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“I’m highly skeptical of the real impact of the announcement this week,” says Gareth Hatch, cofounding principal of Technology Metals Research, a firm that advises rare earth metals stakeholders. “We’re being asked to take it on faith that it will happen, but it doesn’t work like that.”

The motivation may relate to the U.S. Department of Energy’s December 2010 Critical Materials Strategy report, which expresses concern about a short-term supply disruption. The announcement asserting the discovery of four of the report’s critical rare earth metals reassures manufacturers that the elements will be available to the supply chain at reasonable prices until other western suppliers start producing them in the next few years. Such a discovery also minimizes the need for engineers to redesign products so they won’t require problematic components.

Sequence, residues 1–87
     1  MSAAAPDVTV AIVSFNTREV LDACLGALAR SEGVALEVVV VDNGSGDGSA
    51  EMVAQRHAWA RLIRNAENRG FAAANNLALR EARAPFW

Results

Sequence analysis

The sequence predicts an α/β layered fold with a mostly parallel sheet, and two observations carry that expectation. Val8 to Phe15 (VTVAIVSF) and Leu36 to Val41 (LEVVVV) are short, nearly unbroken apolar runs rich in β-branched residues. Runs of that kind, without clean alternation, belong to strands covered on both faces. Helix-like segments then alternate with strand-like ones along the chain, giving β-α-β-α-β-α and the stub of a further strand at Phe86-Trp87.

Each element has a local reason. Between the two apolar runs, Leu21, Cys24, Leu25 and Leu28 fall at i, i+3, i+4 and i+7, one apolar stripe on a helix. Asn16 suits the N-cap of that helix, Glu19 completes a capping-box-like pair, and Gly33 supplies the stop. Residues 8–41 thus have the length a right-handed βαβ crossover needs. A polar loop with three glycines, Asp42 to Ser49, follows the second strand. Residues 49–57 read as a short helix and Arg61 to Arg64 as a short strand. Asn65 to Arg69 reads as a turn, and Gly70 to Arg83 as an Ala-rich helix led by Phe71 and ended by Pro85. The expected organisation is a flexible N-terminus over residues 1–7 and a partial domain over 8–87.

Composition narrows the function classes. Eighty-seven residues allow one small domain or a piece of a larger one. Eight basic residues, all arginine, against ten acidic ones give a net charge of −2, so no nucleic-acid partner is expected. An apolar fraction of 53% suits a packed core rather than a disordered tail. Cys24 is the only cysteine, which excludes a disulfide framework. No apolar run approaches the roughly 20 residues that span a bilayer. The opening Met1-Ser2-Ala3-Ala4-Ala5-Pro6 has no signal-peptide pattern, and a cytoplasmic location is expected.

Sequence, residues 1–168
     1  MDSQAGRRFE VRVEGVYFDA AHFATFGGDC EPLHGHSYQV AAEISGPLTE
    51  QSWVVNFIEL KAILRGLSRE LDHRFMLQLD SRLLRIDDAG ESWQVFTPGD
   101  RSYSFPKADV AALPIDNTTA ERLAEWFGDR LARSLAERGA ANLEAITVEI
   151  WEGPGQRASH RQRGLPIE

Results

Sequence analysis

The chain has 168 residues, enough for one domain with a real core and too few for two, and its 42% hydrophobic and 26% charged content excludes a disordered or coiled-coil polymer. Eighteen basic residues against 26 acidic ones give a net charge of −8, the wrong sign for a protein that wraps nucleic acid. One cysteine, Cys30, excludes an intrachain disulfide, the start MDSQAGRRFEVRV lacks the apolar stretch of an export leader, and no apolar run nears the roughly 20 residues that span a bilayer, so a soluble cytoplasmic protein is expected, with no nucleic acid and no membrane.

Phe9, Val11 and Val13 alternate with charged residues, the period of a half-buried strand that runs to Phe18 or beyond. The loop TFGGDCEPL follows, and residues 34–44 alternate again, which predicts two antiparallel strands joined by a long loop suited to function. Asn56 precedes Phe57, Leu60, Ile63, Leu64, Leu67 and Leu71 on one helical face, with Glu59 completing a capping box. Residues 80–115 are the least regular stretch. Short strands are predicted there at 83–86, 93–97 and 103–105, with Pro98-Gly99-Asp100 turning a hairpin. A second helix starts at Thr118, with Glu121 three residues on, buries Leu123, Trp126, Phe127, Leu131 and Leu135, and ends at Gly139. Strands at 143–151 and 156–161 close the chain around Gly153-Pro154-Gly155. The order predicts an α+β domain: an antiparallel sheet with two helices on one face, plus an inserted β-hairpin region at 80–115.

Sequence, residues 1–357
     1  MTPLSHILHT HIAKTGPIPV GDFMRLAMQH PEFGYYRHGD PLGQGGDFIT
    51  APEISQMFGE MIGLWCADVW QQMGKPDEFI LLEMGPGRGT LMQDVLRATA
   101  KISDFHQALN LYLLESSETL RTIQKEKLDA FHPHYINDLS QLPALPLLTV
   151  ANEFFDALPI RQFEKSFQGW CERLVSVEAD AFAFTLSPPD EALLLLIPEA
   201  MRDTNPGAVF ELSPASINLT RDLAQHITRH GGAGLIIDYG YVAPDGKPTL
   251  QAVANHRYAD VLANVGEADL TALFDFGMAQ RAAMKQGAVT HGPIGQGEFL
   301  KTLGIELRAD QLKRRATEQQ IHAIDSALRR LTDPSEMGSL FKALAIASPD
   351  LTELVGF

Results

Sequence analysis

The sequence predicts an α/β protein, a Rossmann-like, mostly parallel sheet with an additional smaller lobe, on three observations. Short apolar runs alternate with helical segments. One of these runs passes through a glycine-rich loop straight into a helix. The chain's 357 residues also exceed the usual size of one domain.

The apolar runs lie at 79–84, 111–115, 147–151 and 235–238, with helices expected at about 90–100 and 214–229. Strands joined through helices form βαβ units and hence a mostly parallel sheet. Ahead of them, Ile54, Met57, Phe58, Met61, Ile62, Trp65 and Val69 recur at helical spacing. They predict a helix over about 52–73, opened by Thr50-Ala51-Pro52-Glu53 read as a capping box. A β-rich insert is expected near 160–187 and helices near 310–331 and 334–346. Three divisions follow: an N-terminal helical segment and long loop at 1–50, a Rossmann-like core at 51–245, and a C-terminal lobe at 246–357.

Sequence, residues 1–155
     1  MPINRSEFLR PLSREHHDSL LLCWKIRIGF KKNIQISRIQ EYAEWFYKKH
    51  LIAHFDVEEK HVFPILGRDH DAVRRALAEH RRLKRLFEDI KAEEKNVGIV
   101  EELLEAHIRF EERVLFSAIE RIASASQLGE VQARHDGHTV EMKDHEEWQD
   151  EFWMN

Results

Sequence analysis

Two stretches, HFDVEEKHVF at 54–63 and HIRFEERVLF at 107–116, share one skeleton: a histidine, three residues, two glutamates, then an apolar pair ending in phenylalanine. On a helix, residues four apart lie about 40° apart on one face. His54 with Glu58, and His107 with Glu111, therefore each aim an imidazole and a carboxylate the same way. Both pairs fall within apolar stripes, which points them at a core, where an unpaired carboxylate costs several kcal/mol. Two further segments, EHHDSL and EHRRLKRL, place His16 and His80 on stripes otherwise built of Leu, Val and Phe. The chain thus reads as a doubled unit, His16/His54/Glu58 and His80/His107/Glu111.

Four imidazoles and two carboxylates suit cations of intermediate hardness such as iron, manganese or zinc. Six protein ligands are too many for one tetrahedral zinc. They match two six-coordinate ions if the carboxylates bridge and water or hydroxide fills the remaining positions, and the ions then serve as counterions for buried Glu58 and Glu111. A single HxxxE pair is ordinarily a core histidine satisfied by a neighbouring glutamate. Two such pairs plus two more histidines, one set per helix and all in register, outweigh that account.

Molycorp appears to have faith in its light rare earths: it’s spending $781 million to overhaul its equipment and expand potential production to 40,000 tons a year. But the 8-K statement filed with the U.S. Securities and Exchange Commission last week makes no promises as to what it will find once it starts drilling for the heavier varieties: “Molycorp must do extensive test drilling to determine the quantity and quality of the deposit. Accordingly, there can be no assurance as to the quantity or quality of such rare earth deposit or that such deposit will become proven or probable reserves.”

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Credit: Molycorp Minerals

Tagged: Energy, Materials, energy, chemistry, hybrid, wind turbines, rare-earth metals

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